MOVIE REVIEW: Alita: Battle Angel is pure superhero popcorn
ALITA: BATTLE ANGEL
Director Robert Rodriguez
Starring Rosa Salazar, Christoph Waltz, Mahershala Ali
Running time 122 minutes
Verdict The devil is in the detail
Frankenstein's monster was big, ugly and ambiguous enough to inspire two centuries' worth of literary debate and dozens of films. Three-hundred-year-old cyborg Alita has the mind of a teenage girl, the idealised body of a gym junkie, and the eyes of a doe.
She's barely complex enough to sustain a tub of popcorn.
Is this really the best James Cameron and Robert Rodriguez can come up with; the super-cyborg protagonist they want to spend their $US200 million and groundbreaking visual effects on? No wonder female directors are bashing at the laboratory doors.
There's a telling scene, perhaps half way through the action fantasy, where Alita (Rosa Salazar) is reunited with her rightful body, which then reshapes itself to her subconscious image of herself.
Granted, she's a warrior from another planet skilled at a specialist form of martial arts known as, wait for it, Panzer Kunst (there's an anatomical joke in there somewhere).
But since Christoph Waltz's paternalistic Dr Ido has already informed us that Alita has the mind of a fairly typical young woman, the sensational body she then conjures up for herself directly contradicts the entire body research into female self-image.
Even elite URM (United Republic of Mars) soldiers, it seems, aren't immune to the male gaze.
Such a reading might be considered a little harsh, given the character's Manga roots - action girls with pure hearts and large, limpid peepers are an anime staple.
But what about Alita's emotional dependence on
bad boy Hugo (Keean Johnson), who almost literally steals her heart?
And if wish fulfilment were removed from the equation, why would Jennifer Connelly's ruthless, ambitious scientist wear a black bodysuit and suspenders for a business meeting with her boss?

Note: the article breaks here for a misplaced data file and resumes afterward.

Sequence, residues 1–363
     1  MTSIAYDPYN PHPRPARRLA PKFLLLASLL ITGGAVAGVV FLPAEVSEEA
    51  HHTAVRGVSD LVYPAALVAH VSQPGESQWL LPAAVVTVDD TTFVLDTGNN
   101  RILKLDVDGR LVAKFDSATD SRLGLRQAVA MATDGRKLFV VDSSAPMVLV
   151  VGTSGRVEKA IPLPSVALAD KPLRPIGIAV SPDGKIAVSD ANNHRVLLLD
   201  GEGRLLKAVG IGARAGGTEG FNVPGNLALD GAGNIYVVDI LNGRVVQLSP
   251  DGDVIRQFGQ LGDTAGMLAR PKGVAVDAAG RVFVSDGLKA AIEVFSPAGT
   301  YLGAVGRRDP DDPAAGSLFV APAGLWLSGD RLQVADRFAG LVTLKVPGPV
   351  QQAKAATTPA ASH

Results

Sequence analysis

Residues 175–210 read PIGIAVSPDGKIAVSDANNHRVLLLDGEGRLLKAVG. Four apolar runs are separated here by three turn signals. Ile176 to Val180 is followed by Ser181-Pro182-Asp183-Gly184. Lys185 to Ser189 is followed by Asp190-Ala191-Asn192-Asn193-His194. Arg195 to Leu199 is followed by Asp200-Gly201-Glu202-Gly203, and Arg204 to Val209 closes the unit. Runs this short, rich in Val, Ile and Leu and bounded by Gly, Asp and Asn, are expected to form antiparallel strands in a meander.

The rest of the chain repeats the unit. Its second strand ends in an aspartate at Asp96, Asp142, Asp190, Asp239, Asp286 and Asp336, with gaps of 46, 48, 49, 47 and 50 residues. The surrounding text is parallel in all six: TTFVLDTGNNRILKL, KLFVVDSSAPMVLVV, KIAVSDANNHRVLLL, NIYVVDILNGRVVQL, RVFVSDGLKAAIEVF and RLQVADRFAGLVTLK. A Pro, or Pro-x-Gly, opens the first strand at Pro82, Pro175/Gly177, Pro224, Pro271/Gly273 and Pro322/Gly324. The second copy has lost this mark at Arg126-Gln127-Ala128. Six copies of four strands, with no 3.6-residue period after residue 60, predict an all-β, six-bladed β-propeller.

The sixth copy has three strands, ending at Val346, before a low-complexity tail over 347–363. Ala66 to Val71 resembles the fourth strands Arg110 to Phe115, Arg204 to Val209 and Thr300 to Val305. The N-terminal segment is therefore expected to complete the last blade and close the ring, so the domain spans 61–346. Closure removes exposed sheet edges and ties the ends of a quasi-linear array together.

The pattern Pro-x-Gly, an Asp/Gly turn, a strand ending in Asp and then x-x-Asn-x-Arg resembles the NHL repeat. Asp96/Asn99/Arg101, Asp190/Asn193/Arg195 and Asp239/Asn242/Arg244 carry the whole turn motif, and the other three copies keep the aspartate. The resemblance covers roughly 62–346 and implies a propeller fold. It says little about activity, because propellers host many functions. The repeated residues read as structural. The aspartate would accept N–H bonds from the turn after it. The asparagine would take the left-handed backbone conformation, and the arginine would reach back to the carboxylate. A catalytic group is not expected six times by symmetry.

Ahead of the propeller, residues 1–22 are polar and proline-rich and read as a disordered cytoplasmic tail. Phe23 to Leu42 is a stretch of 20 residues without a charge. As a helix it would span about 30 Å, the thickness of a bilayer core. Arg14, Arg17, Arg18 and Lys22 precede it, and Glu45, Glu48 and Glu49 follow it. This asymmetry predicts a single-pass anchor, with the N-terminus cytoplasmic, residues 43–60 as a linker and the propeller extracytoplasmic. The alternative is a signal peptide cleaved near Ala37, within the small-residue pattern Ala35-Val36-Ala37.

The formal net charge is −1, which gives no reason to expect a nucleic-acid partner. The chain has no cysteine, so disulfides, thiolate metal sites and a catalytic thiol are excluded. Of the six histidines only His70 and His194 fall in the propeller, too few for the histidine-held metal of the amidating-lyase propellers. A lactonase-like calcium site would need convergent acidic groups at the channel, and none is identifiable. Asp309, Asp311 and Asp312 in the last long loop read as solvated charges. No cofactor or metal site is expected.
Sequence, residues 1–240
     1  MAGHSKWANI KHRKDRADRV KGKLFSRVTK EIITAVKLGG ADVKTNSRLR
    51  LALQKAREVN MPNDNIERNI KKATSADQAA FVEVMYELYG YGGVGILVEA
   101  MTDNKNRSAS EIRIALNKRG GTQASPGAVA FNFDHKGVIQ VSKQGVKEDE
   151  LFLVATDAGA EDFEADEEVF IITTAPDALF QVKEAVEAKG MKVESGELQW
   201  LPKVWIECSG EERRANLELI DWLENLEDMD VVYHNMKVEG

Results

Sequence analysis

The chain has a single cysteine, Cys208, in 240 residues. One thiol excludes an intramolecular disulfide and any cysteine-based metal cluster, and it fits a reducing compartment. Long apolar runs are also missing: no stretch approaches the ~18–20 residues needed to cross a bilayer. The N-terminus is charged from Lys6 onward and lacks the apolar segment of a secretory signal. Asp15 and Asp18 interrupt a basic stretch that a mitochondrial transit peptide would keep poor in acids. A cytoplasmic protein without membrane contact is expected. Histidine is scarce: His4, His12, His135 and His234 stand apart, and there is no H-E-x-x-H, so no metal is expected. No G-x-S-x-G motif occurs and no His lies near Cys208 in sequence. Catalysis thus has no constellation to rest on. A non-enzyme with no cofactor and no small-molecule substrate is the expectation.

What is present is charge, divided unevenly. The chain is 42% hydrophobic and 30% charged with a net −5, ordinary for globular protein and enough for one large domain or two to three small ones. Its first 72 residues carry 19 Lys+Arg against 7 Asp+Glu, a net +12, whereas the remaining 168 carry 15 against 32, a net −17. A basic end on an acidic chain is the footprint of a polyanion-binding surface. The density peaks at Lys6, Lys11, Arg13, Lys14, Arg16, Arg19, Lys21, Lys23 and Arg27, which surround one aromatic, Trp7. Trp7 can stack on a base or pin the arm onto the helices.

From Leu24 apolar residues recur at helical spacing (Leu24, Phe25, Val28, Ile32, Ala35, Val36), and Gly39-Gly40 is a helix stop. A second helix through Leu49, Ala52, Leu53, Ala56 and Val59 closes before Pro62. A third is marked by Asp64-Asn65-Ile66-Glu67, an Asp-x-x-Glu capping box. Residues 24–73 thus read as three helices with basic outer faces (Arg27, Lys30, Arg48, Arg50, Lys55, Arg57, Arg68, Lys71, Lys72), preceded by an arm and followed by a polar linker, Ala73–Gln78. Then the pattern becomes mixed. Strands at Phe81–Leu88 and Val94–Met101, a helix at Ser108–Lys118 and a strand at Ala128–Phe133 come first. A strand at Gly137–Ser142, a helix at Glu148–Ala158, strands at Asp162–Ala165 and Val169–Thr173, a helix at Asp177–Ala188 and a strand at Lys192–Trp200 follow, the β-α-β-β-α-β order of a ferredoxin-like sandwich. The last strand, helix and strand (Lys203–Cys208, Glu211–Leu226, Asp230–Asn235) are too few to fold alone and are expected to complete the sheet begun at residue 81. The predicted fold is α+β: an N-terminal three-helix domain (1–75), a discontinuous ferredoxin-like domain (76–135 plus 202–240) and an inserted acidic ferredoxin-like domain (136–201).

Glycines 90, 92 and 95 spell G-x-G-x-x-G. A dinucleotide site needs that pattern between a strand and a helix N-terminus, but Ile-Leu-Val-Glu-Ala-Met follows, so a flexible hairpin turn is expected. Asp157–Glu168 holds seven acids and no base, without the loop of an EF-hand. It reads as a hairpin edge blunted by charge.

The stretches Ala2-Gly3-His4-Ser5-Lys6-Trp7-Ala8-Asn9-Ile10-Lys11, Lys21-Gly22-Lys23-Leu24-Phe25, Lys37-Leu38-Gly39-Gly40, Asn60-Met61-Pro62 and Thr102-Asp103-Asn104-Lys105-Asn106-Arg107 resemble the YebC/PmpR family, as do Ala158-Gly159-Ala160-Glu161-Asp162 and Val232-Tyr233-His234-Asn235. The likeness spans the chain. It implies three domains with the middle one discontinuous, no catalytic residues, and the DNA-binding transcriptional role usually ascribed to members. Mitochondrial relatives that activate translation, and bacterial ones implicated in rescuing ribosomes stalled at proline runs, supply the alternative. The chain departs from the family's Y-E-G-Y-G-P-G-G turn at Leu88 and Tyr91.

Alongside Alita: Battle Angel, Ghost In The Shell feels like War And Peace.
That's not to say this blend of CGI and live action fantasy doesn't offer two hours of passable escapism into a handsomely-realised 3D cyberpunk dystopia, hundreds of years in the future, where there's a thriving black market in prosthetic body parts.
Salazar's motion capture performance is wonderfully empathetic. The action sequences are so well choreographed, there are times when you don't fully register the clunkiness of the script.
And there's a richly-drawn parade of cyber baddies - from Ed Skrein's pretty-boy bounty hunter to Jackie Earle Haley's lumbering behemoth Grewishka. Mahershala Ali brings his customary charisma to the human villain Vector.
But if the animation and visual effects are state of the art, the dialogue predates the industrial age. At one point, Hugo jokes lamely to Alita that some men might be intimidated by a woman as powerful as her.
Puh-lease! Only in Cameron and Rodriguez's parallel universe. This female superhero isn't going to threaten anybody.